Human rights and civil liberties will have to be "changed, curtailed and infringed" to prevent further deaths from coronavirus (COVID-19, the Mayor of London has said.
Human rights and civil liberties will have to be "changed, curtailed and infringed" to prevent further deaths from coronavirus, the Mayor of London has said.
At Mayor's Question Time at City Hall on Thursday, Sadiq Khan spoke in the strongest terms of the risk to the capital, as he urged more Londoners to follow Government advice and avoid public places and unnecessary travel.
It comes as Government is considering further restrictions to residents, which could include a lockdown of the capital.
France, Italy, and Belgium have already implemented severe restrictions, forcing residents to stay indoors except for essential treasons.
Parts of California, including San Francisco, and the Chinese city of Wuhan where the Covid-19 outbreak began, are also shut down.
Restrictions vary, but reasons for leaving home are generally limited to food shopping, exercise, essential work, or seeking medical help.
The Mayor confirmed today that current advice in London to avoid cafes, bars, shops and other public places, as well as travel on public transport and visits to friends and relatives, could become a ban.
He claimed the city was "not there yet" and he could not give a timetable for further action – and said Government would need to consider how long the city could sustain a lockdown.
Coronavirus is spreading faster in London than elsewhere in the UK, with 953 confirmed cases according to the latest Government data.
The Mayor said that by issuing advice not commands, Ministers had given a "mixed message" which had "not been clear enough".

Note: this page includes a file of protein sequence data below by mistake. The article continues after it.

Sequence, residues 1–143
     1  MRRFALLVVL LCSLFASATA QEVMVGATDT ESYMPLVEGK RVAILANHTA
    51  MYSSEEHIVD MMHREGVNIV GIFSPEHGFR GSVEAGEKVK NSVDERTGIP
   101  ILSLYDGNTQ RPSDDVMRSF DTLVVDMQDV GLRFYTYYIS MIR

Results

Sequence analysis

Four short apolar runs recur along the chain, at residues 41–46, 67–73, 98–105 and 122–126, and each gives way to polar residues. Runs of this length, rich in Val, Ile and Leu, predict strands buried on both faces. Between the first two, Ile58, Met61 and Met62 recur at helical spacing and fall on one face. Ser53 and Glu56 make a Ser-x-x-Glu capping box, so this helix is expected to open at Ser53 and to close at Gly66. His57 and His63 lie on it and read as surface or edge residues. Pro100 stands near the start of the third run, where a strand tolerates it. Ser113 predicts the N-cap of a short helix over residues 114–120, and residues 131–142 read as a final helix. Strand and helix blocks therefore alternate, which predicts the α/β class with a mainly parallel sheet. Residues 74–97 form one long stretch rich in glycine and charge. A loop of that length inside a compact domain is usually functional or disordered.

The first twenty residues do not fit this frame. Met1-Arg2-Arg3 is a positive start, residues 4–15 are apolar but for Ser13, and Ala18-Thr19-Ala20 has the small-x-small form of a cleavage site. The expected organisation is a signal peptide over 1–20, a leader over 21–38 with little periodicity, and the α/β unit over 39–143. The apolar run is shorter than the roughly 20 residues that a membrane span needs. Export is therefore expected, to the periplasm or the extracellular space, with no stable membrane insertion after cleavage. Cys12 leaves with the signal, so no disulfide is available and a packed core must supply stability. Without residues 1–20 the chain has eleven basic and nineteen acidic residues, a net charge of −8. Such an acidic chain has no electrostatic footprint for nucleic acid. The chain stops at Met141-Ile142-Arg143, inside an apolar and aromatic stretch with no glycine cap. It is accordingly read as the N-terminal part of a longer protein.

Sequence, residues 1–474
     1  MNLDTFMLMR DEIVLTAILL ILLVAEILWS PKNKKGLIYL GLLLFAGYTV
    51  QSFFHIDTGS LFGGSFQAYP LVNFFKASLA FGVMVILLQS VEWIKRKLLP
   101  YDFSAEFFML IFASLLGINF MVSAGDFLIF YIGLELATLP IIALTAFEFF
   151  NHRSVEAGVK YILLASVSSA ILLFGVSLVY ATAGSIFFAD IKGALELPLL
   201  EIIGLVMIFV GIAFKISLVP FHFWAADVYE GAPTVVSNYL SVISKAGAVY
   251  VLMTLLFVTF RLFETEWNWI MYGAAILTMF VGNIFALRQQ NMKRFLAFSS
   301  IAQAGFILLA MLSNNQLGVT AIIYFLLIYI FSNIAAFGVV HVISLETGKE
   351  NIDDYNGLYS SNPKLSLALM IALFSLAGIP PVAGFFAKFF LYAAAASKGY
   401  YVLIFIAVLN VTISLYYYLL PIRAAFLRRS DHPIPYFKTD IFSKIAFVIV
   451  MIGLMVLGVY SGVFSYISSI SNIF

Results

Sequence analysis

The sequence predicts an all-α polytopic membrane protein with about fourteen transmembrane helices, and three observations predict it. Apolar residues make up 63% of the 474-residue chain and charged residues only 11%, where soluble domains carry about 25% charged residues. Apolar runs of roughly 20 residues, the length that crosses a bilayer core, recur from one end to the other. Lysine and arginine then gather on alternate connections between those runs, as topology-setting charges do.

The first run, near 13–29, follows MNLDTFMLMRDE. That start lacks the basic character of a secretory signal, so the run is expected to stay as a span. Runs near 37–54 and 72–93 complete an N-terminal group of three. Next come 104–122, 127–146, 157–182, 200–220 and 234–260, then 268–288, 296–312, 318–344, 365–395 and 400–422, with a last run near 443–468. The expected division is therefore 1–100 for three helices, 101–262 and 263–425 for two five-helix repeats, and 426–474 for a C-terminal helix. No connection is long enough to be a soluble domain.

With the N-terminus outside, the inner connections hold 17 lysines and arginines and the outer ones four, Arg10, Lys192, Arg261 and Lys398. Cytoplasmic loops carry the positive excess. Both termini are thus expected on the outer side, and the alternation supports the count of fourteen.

He called on more Londoners to urgently follow the advice, emphasising that "the normal rules of the game are gone" in this "crisis" for the city.
Mr Khan said he would discuss next steps for the capital in detail at a meeting with the Prime Minister later today.
Speaking at Mayor's Question Time this morning (Thursday), he said: "One of the joys of living in this city and this country is we have fantastic civil liberties and human rights.
"The most important human right is the one to live."
"So sometimes our human rights and civil liberties need to be changed, curtailed, infringed – use whatever word you want – for reasons that are sensible to survival."
The Mayor said "nobody wants" to close schools or order residents to stay at home but stressed that the city is facing "extraordinary times".
In a bleak warning to Londoners, he said: "It's really important that we understand the consequence of people's liberties and human rights not being deprived, curtailed or suspended is life being lost."
Mr Khan said he hoped further restrictions would be "for a short period of time" and not "draconian" but emphasised the importance of a "common sense approach".
He said: "That's one of the great things about our city, that we respond in a proportionate manner to big challenges.
"I'm sure we can do it again and we can come out of this more united even than when we went into it."
And the Mayor said London would need an "Olympic spirit" to rebuild after the virus.
He added: "It's going to be tough.
"I'm not one of these guys that does the blind jingoistic optimistic pitch without evidence. I'm optimistic because of our history."
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